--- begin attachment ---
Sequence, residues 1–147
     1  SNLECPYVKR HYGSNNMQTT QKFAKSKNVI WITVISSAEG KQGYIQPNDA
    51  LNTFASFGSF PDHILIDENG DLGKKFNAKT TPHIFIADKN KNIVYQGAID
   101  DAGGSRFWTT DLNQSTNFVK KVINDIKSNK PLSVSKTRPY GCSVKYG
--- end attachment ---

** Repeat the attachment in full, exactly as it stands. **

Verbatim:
Sequence, residues 1–147
     1  SNLECPYVKR HYGSNNMQTT QKFAKSKNVI WITVISSAEG KQGYIQPNDA
    51  LNTFASFGSF PDHILIDENG DLGKKFNAKT TPHIFIADKN KNIVYQGAID
   101  DAGGSRFWTT DLNQSTNFVK KVINDIKSNK PLSVSKTRPY GCSVKYG